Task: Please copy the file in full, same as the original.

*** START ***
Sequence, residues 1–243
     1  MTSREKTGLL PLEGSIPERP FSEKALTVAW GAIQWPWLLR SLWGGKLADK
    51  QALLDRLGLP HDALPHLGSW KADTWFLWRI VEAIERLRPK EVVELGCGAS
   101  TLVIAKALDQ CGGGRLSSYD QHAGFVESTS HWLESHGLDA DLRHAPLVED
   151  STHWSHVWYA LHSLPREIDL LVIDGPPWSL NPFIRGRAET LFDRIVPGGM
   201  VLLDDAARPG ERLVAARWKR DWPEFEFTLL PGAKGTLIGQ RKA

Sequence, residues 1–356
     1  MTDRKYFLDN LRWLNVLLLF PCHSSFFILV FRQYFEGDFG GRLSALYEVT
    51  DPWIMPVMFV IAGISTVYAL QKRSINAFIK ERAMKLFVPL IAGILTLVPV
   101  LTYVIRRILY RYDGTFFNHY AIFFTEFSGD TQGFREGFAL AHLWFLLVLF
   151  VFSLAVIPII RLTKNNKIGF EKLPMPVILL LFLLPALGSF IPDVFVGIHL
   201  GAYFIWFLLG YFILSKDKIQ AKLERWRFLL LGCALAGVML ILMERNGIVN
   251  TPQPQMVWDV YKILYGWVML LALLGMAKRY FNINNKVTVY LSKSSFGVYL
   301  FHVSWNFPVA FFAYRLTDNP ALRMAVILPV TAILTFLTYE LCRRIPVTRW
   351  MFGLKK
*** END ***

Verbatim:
Sequence, residues 1–243
     1  MTSREKTGLL PLEGSIPERP FSEKALTVAW GAIQWPWLLR SLWGGKLADK
    51  QALLDRLGLP HDALPHLGSW KADTWFLWRI VEAIERLRPK EVVELGCGAS
   101  TLVIAKALDQ CGGGRLSSYD QHAGFVESTS HWLESHGLDA DLRHAPLVED
   151  STHWSHVWYA LHSLPREIDL LVIDGPPWSL NPFIRGRAET LFDRIVPGGM
   201  VLLDDAARPG ERLVAARWKR DWPEFEFTLL PGAKGTLIGQ RKA

Sequence, residues 1–356
     1  MTDRKYFLDN LRWLNVLLLF PCHSSFFILV FRQYFEGDFG GRLSALYEVT
    51  DPWIMPVMFV IAGISTVYAL QKRSINAFIK ERAMKLFVPL IAGILTLVPV
   101  LTYVIRRILY RYDGTFFNHY AIFFTEFSGD TQGFREGFAL AHLWFLLVLF
   151  VFSLAVIPII RLTKNNKIGF EKLPMPVILL LFLLPALGSF IPDVFVGIHL
   201  GAYFIWFLLG YFILSKDKIQ AKLERWRFLL LGCALAGVML ILMERNGIVN
   251  TPQPQMVWDV YKILYGWVML LALLGMAKRY FNINNKVTVY LSKSSFGVYL
   301  FHVSWNFPVA FFAYRLTDNP ALRMAVILPV TAILTFLTYE LCRRIPVTRW
   351  MFGLKK